By Richard Koman / Mobile Tech Today. Updated November 23, 2009.
Is an iPhone an acceptable device for business users? Verizon Wireless and AT&T have been involved in a public multimillion-dollar spat over the question with dueling television advertising campaigns -- and a lawsuit to boot. Now Apple is stepping into the fray with its own ads.
Verizon started running ads last month claiming that AT&T's 3G network is inferior. "If you want to know why your 3G coverage works so well on Verizon Wireless, there's a map for that," Verizon's ad said, riffing on Apple's "there's an app for that" tagline.
"If you want to know why some people have spotty 3G coverage, there's a map for that too," the ad concludes.
New Apple Ads
The ads showed two maps -- one of Verizon's 3G coverage, showing almost total coverage of the 48 states, and one of AT&T's 3G coverage, which is depicted as limited to major cities. AT&T responded to this attack with big guns -- a lawsuit filed in federal court requesting an injunction and a temporary restraining order against the ads, which it termed "misleading." AT&T's request was rejected.
Meanwhile, AT&T, the exclusive carrier for the iPhone in the U.S., launched its own television and print ads defending its 3G network. Now Apple is joining the battle with ads that tout the iPhone's -- and AT&T's -- ability to let users simultaneously speak on the phone and download data. The ads will run on House on Fox, Dancing With the Stars on ABC, and How I Met Your Mother on CBS.
AT&T's GSM network allows simultaneous voice and data connections, while Verizon's CDMA network does not. The new Apple ads promote the AT&T network as superior for business users and consumers. In one ad, an announcer says, "Say you're on a call with a client and he asks, 'Did you see my e-mail?' You can say, 'Yup, got it right here.'"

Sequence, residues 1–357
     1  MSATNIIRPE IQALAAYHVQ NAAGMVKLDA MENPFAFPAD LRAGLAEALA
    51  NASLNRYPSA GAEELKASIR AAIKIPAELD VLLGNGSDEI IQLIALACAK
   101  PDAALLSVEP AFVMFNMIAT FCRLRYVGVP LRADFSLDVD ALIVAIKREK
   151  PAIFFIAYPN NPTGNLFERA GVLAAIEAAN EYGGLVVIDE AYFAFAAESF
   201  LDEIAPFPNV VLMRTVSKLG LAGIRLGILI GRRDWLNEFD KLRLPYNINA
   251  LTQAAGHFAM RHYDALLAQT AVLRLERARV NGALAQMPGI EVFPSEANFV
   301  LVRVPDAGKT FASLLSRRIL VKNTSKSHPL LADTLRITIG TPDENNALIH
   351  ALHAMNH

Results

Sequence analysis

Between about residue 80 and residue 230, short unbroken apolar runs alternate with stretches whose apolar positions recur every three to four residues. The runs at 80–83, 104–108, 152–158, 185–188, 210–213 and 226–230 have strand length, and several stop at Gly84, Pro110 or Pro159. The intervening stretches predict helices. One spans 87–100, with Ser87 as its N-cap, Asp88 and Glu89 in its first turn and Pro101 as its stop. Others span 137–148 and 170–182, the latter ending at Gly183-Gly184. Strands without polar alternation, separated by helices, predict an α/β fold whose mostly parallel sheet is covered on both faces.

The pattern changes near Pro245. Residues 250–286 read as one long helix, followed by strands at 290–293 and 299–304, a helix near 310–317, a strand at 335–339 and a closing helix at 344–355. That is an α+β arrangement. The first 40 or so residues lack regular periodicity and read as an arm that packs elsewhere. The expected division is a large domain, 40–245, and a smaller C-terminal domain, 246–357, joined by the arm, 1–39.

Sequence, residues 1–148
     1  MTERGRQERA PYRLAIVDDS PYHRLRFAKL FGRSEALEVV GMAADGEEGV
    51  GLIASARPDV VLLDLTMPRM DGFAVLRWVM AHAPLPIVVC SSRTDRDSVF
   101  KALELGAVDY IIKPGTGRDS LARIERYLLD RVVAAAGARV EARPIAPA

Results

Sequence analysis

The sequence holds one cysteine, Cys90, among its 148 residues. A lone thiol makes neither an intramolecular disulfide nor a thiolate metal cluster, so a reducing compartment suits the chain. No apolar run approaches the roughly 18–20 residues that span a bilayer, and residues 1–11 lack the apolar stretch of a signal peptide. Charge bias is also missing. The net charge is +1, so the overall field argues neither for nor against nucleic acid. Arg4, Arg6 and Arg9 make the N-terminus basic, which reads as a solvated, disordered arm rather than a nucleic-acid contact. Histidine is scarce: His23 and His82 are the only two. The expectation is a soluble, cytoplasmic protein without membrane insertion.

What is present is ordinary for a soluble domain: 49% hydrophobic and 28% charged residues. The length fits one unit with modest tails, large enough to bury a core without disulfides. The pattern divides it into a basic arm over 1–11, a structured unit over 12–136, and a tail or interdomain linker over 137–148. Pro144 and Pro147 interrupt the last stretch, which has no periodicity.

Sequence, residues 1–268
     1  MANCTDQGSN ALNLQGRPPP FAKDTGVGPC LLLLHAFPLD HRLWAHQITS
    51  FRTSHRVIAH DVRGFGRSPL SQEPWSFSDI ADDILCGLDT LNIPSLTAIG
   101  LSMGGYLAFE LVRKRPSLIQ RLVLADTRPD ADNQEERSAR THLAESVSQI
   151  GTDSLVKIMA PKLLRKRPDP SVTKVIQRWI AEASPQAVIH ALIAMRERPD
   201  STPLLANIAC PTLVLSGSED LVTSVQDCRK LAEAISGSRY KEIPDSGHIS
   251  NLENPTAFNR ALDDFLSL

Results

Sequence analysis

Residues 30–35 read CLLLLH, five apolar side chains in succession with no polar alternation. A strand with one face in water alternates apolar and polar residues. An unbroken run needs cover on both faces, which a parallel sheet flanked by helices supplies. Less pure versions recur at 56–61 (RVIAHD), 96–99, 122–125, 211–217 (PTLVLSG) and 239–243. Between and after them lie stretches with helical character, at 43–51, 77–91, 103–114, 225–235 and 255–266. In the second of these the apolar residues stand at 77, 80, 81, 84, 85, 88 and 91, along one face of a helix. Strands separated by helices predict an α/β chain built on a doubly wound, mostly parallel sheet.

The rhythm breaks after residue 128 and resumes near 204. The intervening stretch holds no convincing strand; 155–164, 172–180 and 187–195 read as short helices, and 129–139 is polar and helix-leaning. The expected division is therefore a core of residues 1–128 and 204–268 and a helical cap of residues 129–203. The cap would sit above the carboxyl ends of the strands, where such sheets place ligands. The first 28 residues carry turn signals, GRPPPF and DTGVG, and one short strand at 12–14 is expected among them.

Apples and Oranges
Another ad promotes the idea that users can look up movie-theater locations and make dinner reservations while talking on the iPhone. Both Apple ads finish with the tagline, "Can your network do that?"
AT&T has been running its own ads with actor Luke Wilson, directly taking the phone company's case to the public. Wilson stands on a large map of the U.S. depicting most of the country covered in orange for AT&T coverage.
"Recently Verizon has been making a big deal about maps. I'm here to set the record straight. AT&T covers 97 percent of all Americans; that's over 300 million people." The ad then features Wilson tossing around postcards from areas where AT&T has coverage.
Shifting the Balance of Power
Unlike the Verizon ad, this AT&T ad doesn't specify 3G coverage, just "coverage," so while it purports to contradict Verizon's claims, the claims are really apples and oranges. A second ad continues the postcard tossing and repeats the 97 percent and 300 million people claims.
So who's the winner here? "I think Verizon's ads were pretty successful for reinforcing the idea that AT&T network is weak," Greg Sterling, principal analyst with Sterling Market Research, said in a telephone interview.
"Carriers are in a tough spot now that handsets have become so prominent in the consumer decision," Sterling said. "The balance of power has shifted pretty dramatically toward the handset manufacturers, and Verizon is doing a pretty effective job in making the network a competitive advantage."